The extracted oil sample (0.5 g) and potassium iodide (KI) (1 g) was transferred into an Erlenmeyer flask and added 10 ml chloroform and acetic acid mixture (volume ratio 1:2). Then boiled it for two minutes and poured the hot solution into another Erlenmeyer flask containing 10 ml 5% KI. Three drops of the starch solution were added with it as an indicator and titrated with 0.01N sodium thiosulfate (Na2S2O3), and the peroxide value  determines the following equation. The volume recorded and calculated the peroxide value as per the below Eq. 9:
Where S=Volume of sodium thiosulfate (ml), N=normality of sodium thiosulfate, W=weight of the sample (g).
The oil sample (W g) was treated with excess iodobromine (IBr) in the presence of glacial acetic acid. Then, added KI, converted to iodine (I2) by reacted with unreacted IBr. After that, titrated with Na2S2O3 (0.1 N), as well, continued without sample for a blank Eq. 10 [19,20].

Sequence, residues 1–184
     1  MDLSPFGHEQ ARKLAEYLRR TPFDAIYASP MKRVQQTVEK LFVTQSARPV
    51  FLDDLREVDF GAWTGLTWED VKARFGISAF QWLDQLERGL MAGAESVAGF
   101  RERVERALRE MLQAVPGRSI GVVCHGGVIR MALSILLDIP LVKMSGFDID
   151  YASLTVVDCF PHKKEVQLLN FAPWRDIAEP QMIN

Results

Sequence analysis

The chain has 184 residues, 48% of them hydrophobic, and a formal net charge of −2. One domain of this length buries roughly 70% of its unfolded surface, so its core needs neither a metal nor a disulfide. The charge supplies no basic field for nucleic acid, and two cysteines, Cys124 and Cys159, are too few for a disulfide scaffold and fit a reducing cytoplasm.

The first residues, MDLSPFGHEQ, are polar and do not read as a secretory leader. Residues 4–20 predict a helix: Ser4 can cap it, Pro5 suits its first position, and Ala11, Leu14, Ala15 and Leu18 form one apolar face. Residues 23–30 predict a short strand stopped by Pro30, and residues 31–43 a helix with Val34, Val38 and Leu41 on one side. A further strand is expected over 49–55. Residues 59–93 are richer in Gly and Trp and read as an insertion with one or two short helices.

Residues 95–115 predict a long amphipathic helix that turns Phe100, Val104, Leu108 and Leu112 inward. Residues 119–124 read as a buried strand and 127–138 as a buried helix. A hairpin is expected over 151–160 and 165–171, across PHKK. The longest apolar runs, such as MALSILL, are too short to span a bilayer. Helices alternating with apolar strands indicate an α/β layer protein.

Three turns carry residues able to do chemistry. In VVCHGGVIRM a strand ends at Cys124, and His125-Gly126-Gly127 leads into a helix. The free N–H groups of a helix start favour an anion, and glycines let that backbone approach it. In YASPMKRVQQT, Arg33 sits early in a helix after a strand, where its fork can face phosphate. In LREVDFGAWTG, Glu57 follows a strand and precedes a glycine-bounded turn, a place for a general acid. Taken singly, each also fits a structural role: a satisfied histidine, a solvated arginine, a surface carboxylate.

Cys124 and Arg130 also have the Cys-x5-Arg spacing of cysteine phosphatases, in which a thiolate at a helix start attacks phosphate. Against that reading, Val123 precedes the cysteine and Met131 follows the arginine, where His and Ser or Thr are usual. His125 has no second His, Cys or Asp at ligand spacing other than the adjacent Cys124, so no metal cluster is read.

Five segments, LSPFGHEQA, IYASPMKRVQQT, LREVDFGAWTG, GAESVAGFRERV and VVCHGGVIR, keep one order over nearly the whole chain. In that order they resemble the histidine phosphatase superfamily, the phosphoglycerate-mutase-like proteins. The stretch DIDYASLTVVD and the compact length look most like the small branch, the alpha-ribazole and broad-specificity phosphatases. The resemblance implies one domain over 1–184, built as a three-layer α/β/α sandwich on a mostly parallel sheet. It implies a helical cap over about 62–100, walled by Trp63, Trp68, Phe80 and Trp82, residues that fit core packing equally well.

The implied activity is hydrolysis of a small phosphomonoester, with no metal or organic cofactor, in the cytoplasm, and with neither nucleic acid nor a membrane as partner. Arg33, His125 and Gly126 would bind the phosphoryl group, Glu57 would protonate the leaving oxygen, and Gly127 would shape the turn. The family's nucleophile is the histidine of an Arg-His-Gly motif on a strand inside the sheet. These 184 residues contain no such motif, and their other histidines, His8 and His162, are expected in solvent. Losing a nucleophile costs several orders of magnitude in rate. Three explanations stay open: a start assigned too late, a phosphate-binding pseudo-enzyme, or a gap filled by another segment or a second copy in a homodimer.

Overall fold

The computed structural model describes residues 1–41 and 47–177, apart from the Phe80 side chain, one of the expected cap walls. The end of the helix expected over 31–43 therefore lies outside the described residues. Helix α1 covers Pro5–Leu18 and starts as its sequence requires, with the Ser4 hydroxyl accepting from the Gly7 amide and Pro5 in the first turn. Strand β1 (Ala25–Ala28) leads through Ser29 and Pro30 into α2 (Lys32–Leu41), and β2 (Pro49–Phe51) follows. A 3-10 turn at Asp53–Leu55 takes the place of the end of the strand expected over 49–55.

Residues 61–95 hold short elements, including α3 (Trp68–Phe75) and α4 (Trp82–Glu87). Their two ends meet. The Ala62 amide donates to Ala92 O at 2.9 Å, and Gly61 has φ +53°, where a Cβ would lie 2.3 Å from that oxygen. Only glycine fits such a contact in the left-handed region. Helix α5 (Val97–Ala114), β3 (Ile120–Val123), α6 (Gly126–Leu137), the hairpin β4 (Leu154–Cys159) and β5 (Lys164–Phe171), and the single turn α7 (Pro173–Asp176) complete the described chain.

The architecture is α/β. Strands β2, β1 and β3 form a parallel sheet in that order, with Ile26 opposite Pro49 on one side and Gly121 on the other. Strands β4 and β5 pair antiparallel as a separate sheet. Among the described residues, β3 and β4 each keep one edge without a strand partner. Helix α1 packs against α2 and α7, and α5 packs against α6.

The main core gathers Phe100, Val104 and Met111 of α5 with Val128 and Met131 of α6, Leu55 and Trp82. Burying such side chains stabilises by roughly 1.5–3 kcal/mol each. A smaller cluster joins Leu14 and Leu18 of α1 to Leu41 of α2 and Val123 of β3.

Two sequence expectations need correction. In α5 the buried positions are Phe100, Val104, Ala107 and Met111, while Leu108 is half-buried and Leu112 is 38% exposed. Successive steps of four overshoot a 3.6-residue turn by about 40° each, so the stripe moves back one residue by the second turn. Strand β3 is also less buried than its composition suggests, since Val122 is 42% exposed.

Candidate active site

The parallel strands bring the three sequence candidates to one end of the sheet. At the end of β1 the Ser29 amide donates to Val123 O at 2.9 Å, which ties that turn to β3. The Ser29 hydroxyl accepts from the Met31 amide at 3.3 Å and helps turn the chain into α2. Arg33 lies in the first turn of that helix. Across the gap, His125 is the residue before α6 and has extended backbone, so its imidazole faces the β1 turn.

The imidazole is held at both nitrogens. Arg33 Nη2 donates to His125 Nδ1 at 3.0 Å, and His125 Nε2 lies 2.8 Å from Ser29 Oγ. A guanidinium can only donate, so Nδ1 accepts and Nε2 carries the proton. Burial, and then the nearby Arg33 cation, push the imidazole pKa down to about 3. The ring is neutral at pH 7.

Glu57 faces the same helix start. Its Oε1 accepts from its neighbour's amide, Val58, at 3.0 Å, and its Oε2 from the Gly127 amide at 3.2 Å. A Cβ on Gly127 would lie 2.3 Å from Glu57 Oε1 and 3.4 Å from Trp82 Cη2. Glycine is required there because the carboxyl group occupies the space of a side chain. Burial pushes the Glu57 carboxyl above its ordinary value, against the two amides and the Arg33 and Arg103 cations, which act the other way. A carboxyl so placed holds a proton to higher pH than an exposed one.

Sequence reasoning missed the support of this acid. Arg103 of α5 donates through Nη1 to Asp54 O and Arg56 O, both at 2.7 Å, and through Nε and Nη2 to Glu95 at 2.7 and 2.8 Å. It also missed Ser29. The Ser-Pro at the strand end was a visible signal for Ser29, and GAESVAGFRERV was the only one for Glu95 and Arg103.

Where A=Quantity of sodium thiosulfate for blank, B= Quantity of sodium thiosulfate with the sample, N=normality of sodium thiosulfate, W=weight of the sample (g) the molecular weight of I2=126.9 g/mole.
The pistachio nutshell and oil sample's FTIR analysis was performed with Thermo NICOLET 6700 FTIR spectrophotometer at a scan rate of 32 scans, resolution of 4 cm-1 from wavelength region 600- 4000 cm-1.
Thermal stability of pistachio nutshell was executed applying the thermogravimetric analyser, Pyris-6 (Perkin Elmer). Typically, 5 mg of nutshell sample was heated from 30-800°C in an inert, nitrogen atmosphere at a scanning rate of 10°C/min.
Results and discussion
% Moisture content
The % yield of oil using the soxhlet extraction method for pistachio shell depends on the amount of particles utilised. It is directly related to the % moisture content present in a nutshell. The % moisture content for all samples is almost similar, and it is in the range of 0.71-0.74% (Table 1).